I worked closely with—and against—several people to whom I want to devote special mention. Their talent and work pushed me to be better at my job, and their friendship and compassion will continue to enrich my life.
John Keim of ESPN.com; Grant Paulsen of 106.7 The Fan; Chris Russell of ESPN980; Mike Jones, Rick Maese, Barry Svrluga and Jason Reid of the Washington Post and Zac Boyer of The Free Lance-Star are intense competitors whose talent, intelligence and commitment set the standard for the exhaustive work required to cover the team. More importantly, they are dear friends whose uplifting personalities, class and senses of humor made a great job even better. Our special camaraderie enabled us to consistently have fun while maintaining the fierce competition required by the nature of our jobs.
So many other media members impacted my life and work in a meaningful way (on a daily basis in some cases) during my four-plus seasons on the beat. There are too many to name, but I want to try. In particular: Sky Kerstein of 106.7 The Fan; Gary Carter, Mitch Tischler, Chick Hernandez, Rob Carlin, Kelli Johnson and Tarik El-Bashir of Comcast SportsNet; Joseph White and Howard Fendrich of the Associated Press; Dan Hellie of NBC4; George Wallace of WTOP; Lindsay Murphy of FOX5; Dan Graziano of ESPN.com and Rick Snider of the Washington Examiner.
Also: Steve DeShazo, Justin Rice and all of my former co-workers at The Free Lance-Star; Joe Eddins and Rod Lamkey of The Washington Times photo department; Dave Sheinin, Mark Maske, Kent Babb, Dan Steinberg, Mike Wise, Sarah Kogod and John McDonnell of the Washington Post; Chuck Carroll, LaVar Arrington, Chad Dukes, The Junkies, Danny Rouhier, Chris Kinard and numerous producers at 106.7 The Fan; Ryan O’Halloran, Mike Divenere, Jennifer Williams and Rich Tandler of Comcast SportsNet; Chris Kirwan, Lindsay Czarniak and Dianna Russini of NBC4; Dave Ross of FOX5; Paul Woody and Michael Phillips of the Richmond Times-Dispatch; Kristen Berset of WUSA9, Britt McHenry of ABC7; Lou Holder; David Elfin, formerly of The Washington Times; Andy Parks and Ann Wog of the Andy Parks Show; the Washington Times softball team and all my friends at The Washington Times, especially Christine Reed.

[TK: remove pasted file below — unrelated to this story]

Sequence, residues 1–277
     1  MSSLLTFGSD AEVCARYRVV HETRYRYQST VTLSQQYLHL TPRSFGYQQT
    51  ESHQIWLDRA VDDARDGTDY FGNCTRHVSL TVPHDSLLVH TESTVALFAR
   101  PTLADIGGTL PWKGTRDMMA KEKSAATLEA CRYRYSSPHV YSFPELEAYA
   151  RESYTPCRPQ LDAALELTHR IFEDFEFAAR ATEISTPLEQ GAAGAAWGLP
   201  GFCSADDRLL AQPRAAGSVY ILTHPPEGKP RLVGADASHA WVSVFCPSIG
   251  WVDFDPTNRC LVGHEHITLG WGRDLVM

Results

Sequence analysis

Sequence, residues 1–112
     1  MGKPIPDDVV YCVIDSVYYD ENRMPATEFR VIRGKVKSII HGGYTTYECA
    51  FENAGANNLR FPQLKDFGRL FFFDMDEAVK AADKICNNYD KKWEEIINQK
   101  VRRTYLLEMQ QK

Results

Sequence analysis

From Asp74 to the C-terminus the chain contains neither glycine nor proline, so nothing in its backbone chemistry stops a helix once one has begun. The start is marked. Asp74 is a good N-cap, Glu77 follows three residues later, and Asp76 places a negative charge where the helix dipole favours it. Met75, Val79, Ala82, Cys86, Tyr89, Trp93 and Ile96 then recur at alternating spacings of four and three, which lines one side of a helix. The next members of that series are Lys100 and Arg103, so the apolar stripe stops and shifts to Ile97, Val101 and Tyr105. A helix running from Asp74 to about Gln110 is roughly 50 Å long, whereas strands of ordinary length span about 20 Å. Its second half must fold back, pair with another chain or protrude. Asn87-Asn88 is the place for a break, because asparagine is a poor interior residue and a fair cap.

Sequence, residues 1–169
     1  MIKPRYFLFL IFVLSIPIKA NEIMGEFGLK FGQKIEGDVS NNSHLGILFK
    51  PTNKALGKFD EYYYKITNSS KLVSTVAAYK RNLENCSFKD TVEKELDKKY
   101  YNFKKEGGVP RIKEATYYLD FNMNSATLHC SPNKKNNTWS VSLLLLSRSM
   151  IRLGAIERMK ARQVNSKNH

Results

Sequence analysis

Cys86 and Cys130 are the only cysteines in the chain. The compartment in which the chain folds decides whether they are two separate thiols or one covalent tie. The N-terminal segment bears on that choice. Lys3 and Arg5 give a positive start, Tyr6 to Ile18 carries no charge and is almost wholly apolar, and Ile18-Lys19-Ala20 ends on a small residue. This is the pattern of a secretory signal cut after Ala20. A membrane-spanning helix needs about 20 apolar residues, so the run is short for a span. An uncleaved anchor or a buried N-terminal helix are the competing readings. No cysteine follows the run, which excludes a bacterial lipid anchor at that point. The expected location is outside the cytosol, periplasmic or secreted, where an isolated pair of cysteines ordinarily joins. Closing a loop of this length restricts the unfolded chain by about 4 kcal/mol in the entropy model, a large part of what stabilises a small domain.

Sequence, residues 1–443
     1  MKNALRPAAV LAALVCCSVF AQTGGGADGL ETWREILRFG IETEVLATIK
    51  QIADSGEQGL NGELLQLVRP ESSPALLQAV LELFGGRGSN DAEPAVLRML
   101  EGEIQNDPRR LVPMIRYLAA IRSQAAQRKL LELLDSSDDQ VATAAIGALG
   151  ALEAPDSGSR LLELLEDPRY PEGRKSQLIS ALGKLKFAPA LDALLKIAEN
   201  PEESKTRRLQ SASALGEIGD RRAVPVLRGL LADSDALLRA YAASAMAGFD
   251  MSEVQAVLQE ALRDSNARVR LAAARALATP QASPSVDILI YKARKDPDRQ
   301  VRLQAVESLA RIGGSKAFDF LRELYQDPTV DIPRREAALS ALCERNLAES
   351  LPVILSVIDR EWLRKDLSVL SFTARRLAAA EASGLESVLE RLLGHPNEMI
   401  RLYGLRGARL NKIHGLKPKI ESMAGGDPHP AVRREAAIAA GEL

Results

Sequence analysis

Thanks to former Redskins public relations staffers Zack Bolno, Matt Taylor and Michael Pehanic, and the current staff of Tony Wyllie, Ross Taylor, Angela Alfano and Daniel Sampson for their help over the last four years. They are part of a longer list of friends and colleagues with or formerly of the Redskins organization. I’m also grateful for the many players and coaches who were generous with their time and insight, and whose names appeared in the paper and online during the last four years.
And most importantly, thank you, the reader. I hope I enhanced your Redskins experience in some way, and I hope you had the same fun that I did in the process. I promise you I tried extremely hard to achieve those two goals. Your enthusiasm and willingness to engage in the reporting and storytelling processes were most gratifying and rewarding. Thank you, thank you, thank you.